RH: My career took off so fast even though I had no training in journalism, I got into the media by accident rather than design. It was a very sexist, cut-throat industry in the 1990s and I worked stupidly hard and I learned a lot very fast. I was able to travel the world as a travel writer, I worked as a television presenter and I did a lot of radio freelancing weekly for the ABC. I interviewed all the big successful directors, actors and artists which was like going to film school and I wrote for all the big mastheads. My last full-time position in journalism was as the film and television editor for a popular publication when it launched in Sydney. The editor was an alcoholic who screamed at everyone every day, reducing staff to tears on a regular basis. He also expected us to work 16 hour days. It wasn’t the first time I’d worked for a badly behaved narcissist, but it made me realise that journalism was no longer the right career for me. It didn’t matter how good I was, people like him always seemed to have the position of power.
SdF: Why do you volunteer at Eastside Radio?
RH: I missed journalism! It was a magic carpet ride and I missed the access to great thinkers and artists and the people who shape our culture. And I really missed radio. I was working in the environment movement and I had pitched a show to the ABC who didn’t see the need for it – that was over 9 years ago. So, as I’d always listened to 89.7fm I pitched it to Tony Smythe and he said yes. After about a year he offered me Monday Drive and I have loved it more and more every year since. I love the community of other presenters and all the fascinating programs on 89.7fm, the freedom to make a show on my own terms, the exposure to contemporary music. It’s one of the best things in my life.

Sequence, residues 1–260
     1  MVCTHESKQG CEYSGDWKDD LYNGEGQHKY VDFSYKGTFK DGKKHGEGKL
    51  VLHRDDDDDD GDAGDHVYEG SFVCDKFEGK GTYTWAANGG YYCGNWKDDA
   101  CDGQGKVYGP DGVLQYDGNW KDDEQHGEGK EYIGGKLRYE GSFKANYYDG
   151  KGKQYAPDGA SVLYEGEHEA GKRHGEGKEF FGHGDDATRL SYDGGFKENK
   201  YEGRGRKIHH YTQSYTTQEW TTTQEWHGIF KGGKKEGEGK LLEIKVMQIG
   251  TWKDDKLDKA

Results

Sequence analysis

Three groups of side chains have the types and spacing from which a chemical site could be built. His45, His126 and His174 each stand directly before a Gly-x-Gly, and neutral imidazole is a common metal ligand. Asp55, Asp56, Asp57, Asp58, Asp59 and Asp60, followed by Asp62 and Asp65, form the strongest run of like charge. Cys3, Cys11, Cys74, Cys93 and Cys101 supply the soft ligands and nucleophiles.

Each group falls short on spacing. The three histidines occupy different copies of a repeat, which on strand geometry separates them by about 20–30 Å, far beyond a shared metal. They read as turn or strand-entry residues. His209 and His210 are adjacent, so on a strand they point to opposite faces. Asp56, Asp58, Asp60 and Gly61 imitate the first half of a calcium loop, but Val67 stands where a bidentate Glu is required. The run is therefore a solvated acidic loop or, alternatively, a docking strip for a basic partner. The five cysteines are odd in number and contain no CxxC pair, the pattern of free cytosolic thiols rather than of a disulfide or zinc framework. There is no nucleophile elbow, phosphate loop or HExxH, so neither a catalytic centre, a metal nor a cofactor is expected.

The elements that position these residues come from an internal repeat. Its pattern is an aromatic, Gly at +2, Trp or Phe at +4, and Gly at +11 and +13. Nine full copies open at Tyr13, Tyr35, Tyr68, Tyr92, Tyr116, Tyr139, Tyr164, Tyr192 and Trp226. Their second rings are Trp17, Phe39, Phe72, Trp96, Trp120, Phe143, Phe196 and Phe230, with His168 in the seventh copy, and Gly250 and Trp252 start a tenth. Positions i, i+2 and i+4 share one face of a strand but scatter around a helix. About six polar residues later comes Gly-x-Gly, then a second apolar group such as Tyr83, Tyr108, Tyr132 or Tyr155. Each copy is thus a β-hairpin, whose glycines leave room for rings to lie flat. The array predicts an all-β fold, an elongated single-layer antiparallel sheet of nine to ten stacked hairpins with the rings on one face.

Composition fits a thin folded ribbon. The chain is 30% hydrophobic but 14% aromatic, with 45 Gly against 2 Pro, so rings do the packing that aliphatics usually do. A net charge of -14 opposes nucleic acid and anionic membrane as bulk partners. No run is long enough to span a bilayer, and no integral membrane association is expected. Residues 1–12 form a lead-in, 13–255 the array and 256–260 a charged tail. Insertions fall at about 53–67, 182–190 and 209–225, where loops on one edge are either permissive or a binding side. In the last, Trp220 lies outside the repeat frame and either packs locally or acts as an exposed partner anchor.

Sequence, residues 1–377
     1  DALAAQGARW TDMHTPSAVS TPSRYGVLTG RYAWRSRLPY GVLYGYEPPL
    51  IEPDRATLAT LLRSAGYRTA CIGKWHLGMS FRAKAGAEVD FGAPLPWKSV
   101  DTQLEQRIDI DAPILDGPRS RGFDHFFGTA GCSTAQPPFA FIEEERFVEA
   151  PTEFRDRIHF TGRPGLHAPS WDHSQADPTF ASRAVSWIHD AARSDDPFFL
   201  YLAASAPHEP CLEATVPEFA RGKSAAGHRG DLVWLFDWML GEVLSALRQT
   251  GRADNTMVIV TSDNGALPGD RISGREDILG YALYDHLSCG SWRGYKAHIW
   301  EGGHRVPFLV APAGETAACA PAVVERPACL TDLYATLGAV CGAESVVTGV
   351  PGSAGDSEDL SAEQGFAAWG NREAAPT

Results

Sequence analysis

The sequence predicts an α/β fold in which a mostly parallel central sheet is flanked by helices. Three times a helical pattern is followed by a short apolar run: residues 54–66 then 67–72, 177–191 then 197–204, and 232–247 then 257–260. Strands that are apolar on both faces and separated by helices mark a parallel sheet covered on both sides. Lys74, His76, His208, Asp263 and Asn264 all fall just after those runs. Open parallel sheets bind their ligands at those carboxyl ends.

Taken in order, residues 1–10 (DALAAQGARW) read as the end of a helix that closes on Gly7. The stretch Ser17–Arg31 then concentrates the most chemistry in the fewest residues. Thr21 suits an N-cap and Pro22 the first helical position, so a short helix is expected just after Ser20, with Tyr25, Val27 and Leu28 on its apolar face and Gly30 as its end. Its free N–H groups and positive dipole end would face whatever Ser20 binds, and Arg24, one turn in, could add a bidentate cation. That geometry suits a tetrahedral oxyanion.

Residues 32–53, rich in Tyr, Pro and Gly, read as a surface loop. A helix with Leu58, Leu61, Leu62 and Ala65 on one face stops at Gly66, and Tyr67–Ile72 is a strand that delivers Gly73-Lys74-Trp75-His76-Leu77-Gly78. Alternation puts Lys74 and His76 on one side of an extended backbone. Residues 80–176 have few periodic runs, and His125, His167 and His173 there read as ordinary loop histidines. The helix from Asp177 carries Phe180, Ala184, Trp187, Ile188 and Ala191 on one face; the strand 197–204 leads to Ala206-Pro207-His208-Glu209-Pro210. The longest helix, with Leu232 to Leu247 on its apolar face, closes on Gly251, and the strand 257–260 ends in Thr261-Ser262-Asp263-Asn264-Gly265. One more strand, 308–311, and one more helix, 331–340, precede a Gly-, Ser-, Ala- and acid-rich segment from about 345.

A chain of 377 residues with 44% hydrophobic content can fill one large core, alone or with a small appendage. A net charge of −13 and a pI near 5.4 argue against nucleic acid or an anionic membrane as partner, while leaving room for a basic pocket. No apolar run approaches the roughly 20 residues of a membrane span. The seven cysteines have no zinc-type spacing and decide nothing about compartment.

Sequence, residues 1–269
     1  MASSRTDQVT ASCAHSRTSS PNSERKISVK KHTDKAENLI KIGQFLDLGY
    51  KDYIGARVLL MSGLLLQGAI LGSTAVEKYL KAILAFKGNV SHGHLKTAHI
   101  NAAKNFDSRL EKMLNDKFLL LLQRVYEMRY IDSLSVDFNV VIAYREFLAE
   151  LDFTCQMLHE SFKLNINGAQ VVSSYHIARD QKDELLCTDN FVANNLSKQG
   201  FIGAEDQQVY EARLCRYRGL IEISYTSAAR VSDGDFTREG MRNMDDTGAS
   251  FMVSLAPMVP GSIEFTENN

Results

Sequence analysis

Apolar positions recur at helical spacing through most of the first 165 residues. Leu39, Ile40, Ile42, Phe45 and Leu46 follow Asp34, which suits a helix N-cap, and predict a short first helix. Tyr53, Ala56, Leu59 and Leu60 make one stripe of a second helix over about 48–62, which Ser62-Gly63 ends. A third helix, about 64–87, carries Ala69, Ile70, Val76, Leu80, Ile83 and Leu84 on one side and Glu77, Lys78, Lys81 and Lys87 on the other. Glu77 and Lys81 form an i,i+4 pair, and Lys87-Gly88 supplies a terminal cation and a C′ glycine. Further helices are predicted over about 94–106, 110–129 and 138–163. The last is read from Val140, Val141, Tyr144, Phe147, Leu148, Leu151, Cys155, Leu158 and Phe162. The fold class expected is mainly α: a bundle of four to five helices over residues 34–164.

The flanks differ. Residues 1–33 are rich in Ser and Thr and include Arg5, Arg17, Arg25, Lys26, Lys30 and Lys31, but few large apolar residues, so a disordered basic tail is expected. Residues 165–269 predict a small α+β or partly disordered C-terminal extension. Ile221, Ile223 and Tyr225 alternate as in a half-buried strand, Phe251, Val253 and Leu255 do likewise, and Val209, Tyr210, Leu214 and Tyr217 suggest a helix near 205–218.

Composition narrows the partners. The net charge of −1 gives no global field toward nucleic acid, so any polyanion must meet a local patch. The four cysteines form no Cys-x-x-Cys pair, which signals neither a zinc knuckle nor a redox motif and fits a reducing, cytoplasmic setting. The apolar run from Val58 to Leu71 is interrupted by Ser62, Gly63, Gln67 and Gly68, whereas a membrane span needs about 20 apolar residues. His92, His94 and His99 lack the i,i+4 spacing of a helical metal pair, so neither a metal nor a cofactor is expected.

SdF: Have you experienced particular professional challenges due to your gender? How did you overcome these challenges and what do you think needs to change to avoid these challenges in the future?
RH: Sadly, like most women the answer is YES. Throughout my career in journalism, I was literally told to dumb myself down, I was overlooked when it came to promotions and I was paid much less than male reporters and broadcasters. I put up with a LOT of bad behaviour. For example, for 5 years I was on a contract to the SMH writing several thousand words a week for which I received a flat rate with no contribution to my home office bills. The expectations were high, the deadlines were grinding and I received no holiday or sick pay. When I left, the on-staff male reporter who replaced me was paid twice as much. As a freelancer I had to fight endlessly to be paid for work I had already submitted, even after it had been published, a situation which continues to this day. A story I wrote for a prominent women’s magazine in 2019, which they had commissioned, sat on the shelf for 3 months while the editor held up the payment because she hadn’t had time to read it. They sent me to Spain as a make-up present shortly afterwards but when you can’t pay your bills because publishers owe you money, it’s quite soul destroying. In women’s publishing, which is controlled by men but run by women, the assumption is that you must have some independent means and are not actually working for money as a real job. In the male dominated press my talent was encouraged until I hit my mid 30s. After that I was consistently harassed, undermined, shouted at, and even sexually assaulted. I was a really talented, super hard-working journalist but making a living out of it was crushingly difficult. I’m sorry to say I had a lot of ugly experiences, particularly because I stood up for myself, but I survived. The world is changing. And I’m not finished!